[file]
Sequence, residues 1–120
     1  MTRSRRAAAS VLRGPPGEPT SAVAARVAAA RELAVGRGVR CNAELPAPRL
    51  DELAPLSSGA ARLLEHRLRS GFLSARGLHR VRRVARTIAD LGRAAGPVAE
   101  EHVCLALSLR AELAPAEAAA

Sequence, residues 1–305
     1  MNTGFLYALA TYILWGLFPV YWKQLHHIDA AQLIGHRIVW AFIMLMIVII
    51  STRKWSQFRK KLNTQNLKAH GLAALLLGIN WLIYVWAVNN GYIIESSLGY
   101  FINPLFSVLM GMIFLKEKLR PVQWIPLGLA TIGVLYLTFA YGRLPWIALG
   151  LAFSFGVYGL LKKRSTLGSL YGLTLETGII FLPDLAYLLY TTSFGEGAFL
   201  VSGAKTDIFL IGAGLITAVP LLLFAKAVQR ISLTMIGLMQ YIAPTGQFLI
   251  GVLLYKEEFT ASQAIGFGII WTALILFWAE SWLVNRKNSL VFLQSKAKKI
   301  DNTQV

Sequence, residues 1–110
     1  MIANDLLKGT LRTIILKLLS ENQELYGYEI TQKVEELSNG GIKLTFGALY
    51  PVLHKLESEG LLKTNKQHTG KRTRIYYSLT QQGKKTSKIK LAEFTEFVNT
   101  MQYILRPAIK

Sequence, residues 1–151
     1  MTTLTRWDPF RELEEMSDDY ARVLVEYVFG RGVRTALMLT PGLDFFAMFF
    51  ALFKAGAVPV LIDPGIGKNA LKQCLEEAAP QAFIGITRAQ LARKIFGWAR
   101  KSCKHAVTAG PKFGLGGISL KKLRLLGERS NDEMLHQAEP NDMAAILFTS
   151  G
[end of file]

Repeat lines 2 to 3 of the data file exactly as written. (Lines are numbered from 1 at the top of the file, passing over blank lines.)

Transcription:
     1  MTRSRRAAAS VLRGPPGEPT SAVAARVAAA RELAVGRGVR CNAELPAPRL
    51  DELAPLSSGA ARLLEHRLRS GFLSARGLHR VRRVARTIAD LGRAAGPVAE